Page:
• High-dose trivalent (TIV) for clients 65 years of age and older, if applicable to your practice (pre-filled syringe)

    Don't delay vaccination to wait for a particular product. Both standard-dose QIV and high-dose TIV protect against the flu, and the most important thing is for older adults to be vaccinated. Seniors are eligible for one publicly funded influenza vaccination per season only.

    Flucelvax Quad is a mammalian cell culture-based quadrivalent inactivated influenza vaccine that is authorized for use in Canada for individuals nine years of age and older. This vaccine is primarily distributed to pharmacies and won't be included on our Seasonal Influenza Order Form. Patients with egg allergies don't need to be referred to a pharmacy. The National Advisory Committee on Immunization states that egg allergy is not a contraindication for influenza vaccination.

    Vaccine orders may include both multi-dose vials and pre-filled syringes. Make the necessary room in your vaccine fridge to accommodate the packaging. Pre-filled syringes will require the addition of a 1-inch to 1.5-inch safety-engineered needle tip.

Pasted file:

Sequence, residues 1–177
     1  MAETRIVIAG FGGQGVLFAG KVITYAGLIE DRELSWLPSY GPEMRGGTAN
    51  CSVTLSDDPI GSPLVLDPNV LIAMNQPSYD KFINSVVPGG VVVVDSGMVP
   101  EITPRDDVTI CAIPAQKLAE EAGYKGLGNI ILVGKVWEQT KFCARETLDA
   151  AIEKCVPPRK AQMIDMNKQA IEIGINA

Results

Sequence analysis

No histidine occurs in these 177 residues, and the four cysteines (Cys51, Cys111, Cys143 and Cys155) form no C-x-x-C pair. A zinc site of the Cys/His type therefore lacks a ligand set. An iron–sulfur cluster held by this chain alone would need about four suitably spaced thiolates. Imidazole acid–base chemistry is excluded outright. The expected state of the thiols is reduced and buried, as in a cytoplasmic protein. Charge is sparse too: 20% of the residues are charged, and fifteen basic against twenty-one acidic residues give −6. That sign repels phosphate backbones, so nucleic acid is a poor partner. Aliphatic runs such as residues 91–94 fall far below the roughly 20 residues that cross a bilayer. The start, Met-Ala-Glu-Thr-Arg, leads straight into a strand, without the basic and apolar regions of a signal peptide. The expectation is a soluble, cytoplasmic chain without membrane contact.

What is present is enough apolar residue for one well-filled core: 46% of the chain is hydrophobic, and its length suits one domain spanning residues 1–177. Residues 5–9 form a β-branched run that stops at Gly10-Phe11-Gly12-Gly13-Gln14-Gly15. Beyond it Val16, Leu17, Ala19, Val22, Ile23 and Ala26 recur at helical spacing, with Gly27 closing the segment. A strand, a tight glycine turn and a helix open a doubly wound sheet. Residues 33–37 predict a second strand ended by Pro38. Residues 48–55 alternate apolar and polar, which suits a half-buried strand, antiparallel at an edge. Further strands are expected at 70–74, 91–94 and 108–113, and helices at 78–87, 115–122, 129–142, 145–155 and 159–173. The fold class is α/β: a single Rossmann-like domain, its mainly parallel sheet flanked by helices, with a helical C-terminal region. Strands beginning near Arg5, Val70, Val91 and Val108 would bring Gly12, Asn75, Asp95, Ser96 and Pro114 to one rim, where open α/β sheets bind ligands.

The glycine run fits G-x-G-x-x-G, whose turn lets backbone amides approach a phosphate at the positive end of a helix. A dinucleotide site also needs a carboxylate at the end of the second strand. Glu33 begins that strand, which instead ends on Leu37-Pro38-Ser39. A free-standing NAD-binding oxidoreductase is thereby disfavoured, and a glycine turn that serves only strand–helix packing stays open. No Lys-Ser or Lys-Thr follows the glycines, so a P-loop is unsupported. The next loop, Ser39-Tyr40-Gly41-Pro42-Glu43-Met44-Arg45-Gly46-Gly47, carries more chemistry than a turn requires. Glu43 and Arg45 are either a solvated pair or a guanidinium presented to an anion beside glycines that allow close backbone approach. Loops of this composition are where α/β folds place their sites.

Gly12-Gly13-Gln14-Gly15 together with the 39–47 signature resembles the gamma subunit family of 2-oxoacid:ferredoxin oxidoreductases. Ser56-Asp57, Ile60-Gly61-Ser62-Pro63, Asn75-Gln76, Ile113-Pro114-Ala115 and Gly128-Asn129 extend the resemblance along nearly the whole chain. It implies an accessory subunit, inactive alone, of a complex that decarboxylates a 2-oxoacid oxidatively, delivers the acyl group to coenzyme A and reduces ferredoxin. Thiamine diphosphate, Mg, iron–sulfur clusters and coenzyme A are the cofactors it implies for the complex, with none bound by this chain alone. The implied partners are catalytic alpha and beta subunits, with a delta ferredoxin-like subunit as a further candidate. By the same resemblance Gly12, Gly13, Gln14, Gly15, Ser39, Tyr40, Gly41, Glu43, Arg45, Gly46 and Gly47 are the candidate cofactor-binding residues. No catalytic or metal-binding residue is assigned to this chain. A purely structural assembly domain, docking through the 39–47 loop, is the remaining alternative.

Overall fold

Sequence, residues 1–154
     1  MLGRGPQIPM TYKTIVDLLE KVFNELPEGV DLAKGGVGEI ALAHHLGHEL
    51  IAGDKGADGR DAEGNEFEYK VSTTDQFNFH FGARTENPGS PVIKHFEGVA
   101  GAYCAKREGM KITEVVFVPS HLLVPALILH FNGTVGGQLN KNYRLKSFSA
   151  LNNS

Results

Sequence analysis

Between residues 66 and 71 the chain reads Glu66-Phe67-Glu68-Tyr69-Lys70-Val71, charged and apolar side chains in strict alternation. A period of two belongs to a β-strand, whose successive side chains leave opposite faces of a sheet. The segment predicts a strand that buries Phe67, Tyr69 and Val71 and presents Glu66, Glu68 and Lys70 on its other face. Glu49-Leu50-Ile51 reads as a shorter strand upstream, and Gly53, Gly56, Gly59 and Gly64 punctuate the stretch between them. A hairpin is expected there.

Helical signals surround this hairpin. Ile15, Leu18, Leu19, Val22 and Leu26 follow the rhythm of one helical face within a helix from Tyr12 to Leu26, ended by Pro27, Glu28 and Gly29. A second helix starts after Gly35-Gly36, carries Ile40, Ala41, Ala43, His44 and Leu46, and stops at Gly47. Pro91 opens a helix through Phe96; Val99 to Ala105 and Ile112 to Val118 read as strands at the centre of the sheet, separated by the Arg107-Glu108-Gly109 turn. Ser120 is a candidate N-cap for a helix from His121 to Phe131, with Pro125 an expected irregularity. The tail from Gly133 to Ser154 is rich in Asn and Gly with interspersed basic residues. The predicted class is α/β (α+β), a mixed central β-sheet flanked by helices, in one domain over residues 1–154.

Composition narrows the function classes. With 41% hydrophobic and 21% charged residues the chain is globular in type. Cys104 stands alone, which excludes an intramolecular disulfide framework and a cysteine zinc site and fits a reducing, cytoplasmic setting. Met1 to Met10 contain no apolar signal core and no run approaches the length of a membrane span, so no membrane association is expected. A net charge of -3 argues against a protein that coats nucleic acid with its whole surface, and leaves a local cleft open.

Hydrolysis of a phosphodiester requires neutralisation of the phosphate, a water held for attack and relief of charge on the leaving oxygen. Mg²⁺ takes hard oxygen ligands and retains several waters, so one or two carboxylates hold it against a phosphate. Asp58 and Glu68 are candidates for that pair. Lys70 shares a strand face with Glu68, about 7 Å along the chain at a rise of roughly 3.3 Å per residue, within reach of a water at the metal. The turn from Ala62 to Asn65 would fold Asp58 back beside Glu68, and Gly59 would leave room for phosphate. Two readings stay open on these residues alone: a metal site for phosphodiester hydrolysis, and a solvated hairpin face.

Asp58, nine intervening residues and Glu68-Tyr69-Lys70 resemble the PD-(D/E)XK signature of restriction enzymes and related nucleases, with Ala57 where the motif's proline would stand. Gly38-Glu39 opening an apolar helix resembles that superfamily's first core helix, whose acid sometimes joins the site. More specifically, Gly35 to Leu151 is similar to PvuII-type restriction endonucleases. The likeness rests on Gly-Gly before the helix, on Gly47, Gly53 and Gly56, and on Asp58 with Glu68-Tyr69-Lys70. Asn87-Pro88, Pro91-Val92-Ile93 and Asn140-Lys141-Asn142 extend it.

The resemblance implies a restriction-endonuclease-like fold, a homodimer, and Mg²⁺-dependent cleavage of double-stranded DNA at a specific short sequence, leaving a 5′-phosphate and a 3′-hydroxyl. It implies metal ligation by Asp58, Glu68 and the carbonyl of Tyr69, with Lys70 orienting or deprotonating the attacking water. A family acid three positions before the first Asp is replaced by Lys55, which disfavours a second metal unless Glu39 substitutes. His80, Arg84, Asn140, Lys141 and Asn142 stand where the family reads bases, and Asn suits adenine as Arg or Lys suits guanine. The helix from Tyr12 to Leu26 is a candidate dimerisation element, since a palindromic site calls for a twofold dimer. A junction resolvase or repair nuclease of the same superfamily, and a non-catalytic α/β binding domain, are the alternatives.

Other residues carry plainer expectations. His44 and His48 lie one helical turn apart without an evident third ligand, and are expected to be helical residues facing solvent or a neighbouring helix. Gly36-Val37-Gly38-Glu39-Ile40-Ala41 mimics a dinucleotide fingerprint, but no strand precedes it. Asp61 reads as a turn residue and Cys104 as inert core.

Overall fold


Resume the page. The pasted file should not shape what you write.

The recommended needle gauge and lengths for intramuscular injections are:

    Needle recommendation Infants, toddlers and children Adolescents and adults
    Gauge 22 - 25 22 - 25
    Length

    7/8ths of an inch - 1 inch

    1 - 1.5 inch

    In anticipation of a cold chain inspection before receiving influenza vaccine, review how to monitor the vaccine fridge temperature and how to handle a cold chain excursion.

  • Ordering the influenza vaccine

    Primary Care

    As a primary care provider, your initial allotment of the publicly funded influenza vaccine is based on the products and quantities that Public Health receives. We aim for an equitable distribution to all health care providers interested in participating in the Universal Influenza Immunization Program.

    The distribution of influenza vaccine doses is expected to begin in late September to Public Health Units and continue across the province in October when additional doses are received from manufacturers. Public Health will send you a letter detailing 2020-2021 influenza information including the specifics about your initial allotment of influenza vaccine.

    After you receive your initial allotment in October, you will be able to order more flu vaccine from Public Health using the seasonal influenza vaccine order form.

    Public Health is unable to take your unused influenza vaccine back to use or redistribute. To help ensure less waste, only order influenza vaccine in amounts that you're certain your office can use. You can order more vaccine as required.

    Pharmacies

    Pharmacies have a different distributor for the influenza vaccine (not Public Health).